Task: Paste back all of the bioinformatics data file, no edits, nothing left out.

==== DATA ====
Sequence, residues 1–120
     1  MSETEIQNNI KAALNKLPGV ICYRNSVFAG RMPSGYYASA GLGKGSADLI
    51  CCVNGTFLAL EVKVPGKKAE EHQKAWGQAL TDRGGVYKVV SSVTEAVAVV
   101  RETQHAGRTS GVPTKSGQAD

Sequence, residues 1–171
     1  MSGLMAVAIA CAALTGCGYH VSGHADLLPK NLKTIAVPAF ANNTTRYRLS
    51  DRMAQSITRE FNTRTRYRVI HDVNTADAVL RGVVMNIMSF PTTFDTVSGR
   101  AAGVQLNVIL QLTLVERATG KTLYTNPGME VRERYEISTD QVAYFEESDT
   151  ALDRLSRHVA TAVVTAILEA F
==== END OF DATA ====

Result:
Sequence, residues 1–120
     1  MSETEIQNNI KAALNKLPGV ICYRNSVFAG RMPSGYYASA GLGKGSADLI
    51  CCVNGTFLAL EVKVPGKKAE EHQKAWGQAL TDRGGVYKVV SSVTEAVAVV
   101  RETQHAGRTS GVPTKSGQAD

Sequence, residues 1–171
     1  MSGLMAVAIA CAALTGCGYH VSGHADLLPK NLKTIAVPAF ANNTTRYRLS
    51  DRMAQSITRE FNTRTRYRVI HDVNTADAVL RGVVMNIMSF PTTFDTVSGR
   101  AAGVQLNVIL QLTLVERATG KTLYTNPGME VRERYEISTD QVAYFEESDT
   151  ALDRLSRHVA TAVVTAILEA F